Logitech is now back at it again with another keyboard that uses its own proprietary Romer-G key switches. This is the Logitech G G810, and Logitech made a few significant changes around all around.
Let’s start off with the elephant in the room (or review) here. The box itself is pretty basic. For some reason, Logitech G – which is their gaming division of peripherals – opted for a very dark design. Even the RGB lighting shown on the box is pretty dim, in my opinion.
Around the back is where things straight to look a little more outstanding. That Romer-G title is highlighted really brightly Of course, they’re going to highlight the famous 16.8 million colours available to choose from, since you’re using an RGB backlit keyboard after all.
Opening the box up is and obviously the keyboard is the first thing everyone sees. It’s just covered by a thin layer of clear plastic all over. I really wanna know why they didn’t have any sort of plastic covers like the one Ducky included for all their keyboard. Just great for any sort of storage or dust protection for that matter.
Beneath the keyboard is just a piece of quick start guide, and that’s pretty much it.
[nextpage title=”Design & build quality”]Honestly speaking, the keyboard is covered with matte plastic all over the top, and smooth shiny polished plastic around the rim. There’s nothing stunning about the keyboard at all – until you plug it to your computer.
Looking around the back is where some humongous yet effective rubber feet They have 5 of these rubber feet – 4 at each corner, and another one at the bottom-center. Another thing that I like about the Logitech G G810 is the double kickstand with different heights, just like the Ducky One. Rubber feet on these kickstands are of course smaller, but they do function pretty nicely.
Based on one thing that I’ve noted though is the backlit keycaps included. They’re made out of a smooth texture and does have an actually normal-feeling keycap unlike the Logitech G G310 which we reviewed here. Thank you Logitech!
On another note, the build quality is surprisingly strong. There’s almost no flex to the keyboard when trying to bend it on both corners.
Also, the USB cable protrudes out from the right side of the keyboard, so that’s something to take note of if you’re trying to set up a clean rig for yourself.
[nextpage title=”Features”]Going through the entire keyboard layout, there’s a lot of additions that Logitech has included in the Logitech G G810 For example, the multimedia keys on this keyboard is pretty neat. You get a full set of play/pause, stop, previous and next keys, alongside with a mute button. What’s great is the scroll wheel for smooth volume adjustment too – but I think they should have implemented the mute button together with the volume wheel, like the ASUS GK2000 Horus mechanical keyboard which we reviewed here. Also, there’s another button to turn the backlight on and off.
The Logitech G G810 relies 100% on the Logitech Gaming Software, or LGS for short. It’s a great thing that Logitech has done, since all of its features are done really well. Its controls are simple and easy to use, with results shown instantaneously on the Logitech G G810 as you click things like backlight colour or effect for example. I find this a really nice feature that Logitech has set, and to eliminate the freaking hit apply to make changes button for good. Love you, Logitech!
Check out our gallery of the LGS here.
LGS is really straightforward, and it has everything you need – and more. All of the lighting modes are controlled via software. You can set up each and every individual key to light up or not, and also to change which colour you want it to be. Again, you have 16.8 million colours to choose from for each key.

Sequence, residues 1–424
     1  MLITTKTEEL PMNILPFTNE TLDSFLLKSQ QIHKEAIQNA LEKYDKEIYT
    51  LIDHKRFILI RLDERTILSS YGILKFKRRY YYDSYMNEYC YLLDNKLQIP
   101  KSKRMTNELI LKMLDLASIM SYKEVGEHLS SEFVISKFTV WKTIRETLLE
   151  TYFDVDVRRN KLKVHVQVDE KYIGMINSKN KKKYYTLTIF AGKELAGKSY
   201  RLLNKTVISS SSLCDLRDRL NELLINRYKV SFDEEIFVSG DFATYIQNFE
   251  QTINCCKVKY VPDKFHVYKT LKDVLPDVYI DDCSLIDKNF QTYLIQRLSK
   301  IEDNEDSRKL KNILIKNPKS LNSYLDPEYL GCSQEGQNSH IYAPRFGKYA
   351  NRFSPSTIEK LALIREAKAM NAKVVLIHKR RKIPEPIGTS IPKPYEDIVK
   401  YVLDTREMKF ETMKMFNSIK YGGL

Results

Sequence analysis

[nextpage title=”Comfort & typing experience”]The Logitech G G810 has quite a ridiculously thick body compared to other Cherry MX mechanical keyboard. Like about 1.5x the thickness! A wrist rest in this case would be nice, but it’s sad to see Logitech neglecting this entirely. With this insane thickness, no amount of tilt can save you.
Topre switches are as expected too – and I won’t go on detail with it here. Just know that they’re actually weird at first, but actually comfortable to type on. Another thing is that you can’t find any replacement keycaps – so you’re stuck with this smooth plastic keycaps. They will get smeared with oil marks and all that jazz of course.
I’ve got another complaint about the keycaps this time though. For some reason, the backlight that shone through the keycap looks a little washed out. Like as if there’s a layer of haze between the LED and the keycap itself. Colours just don’t look as vibrant or sharp as it should be.
There’s a direct comparison to be made within the keyboard itself too. Just look at the big Logitech G logo at the top left corner and compare it with the rest of the keyboard. Even the orange colour on my Frankenstein’d Ducky One TKL is much more vibrant and brighter than the Logitech G G810’s orange backlight.
[nextpage title=”Wrap up”]I think there’s a special place for the Logitech G G810 for gamers who types. Romer-G switches in my opinion doesn’t have that much of a resistance in its tactility, like Cherry MX Brown does. There’s just much less clack whole typing. LGS is doing fantastically well too, but it lacks the independence if there’s no LGS. However, LGS isn’t perfect – there’s no syncing feature like Razer’s Synapse. There’s also no on-board storage of for whatever reason.
Here’s my conclusion – the Logitech G G810 can be found on Lazada for about RM570 at this point of writing. It’s right around the Corsair K70 RGB area in terms of price, but of course the Logitech G G810 uses a special type of switch – the Logitech’s proprietary Romer-G. As I’ve suggested any tip in choosing your own keyboard, do test it yourself first before making your own purchase.
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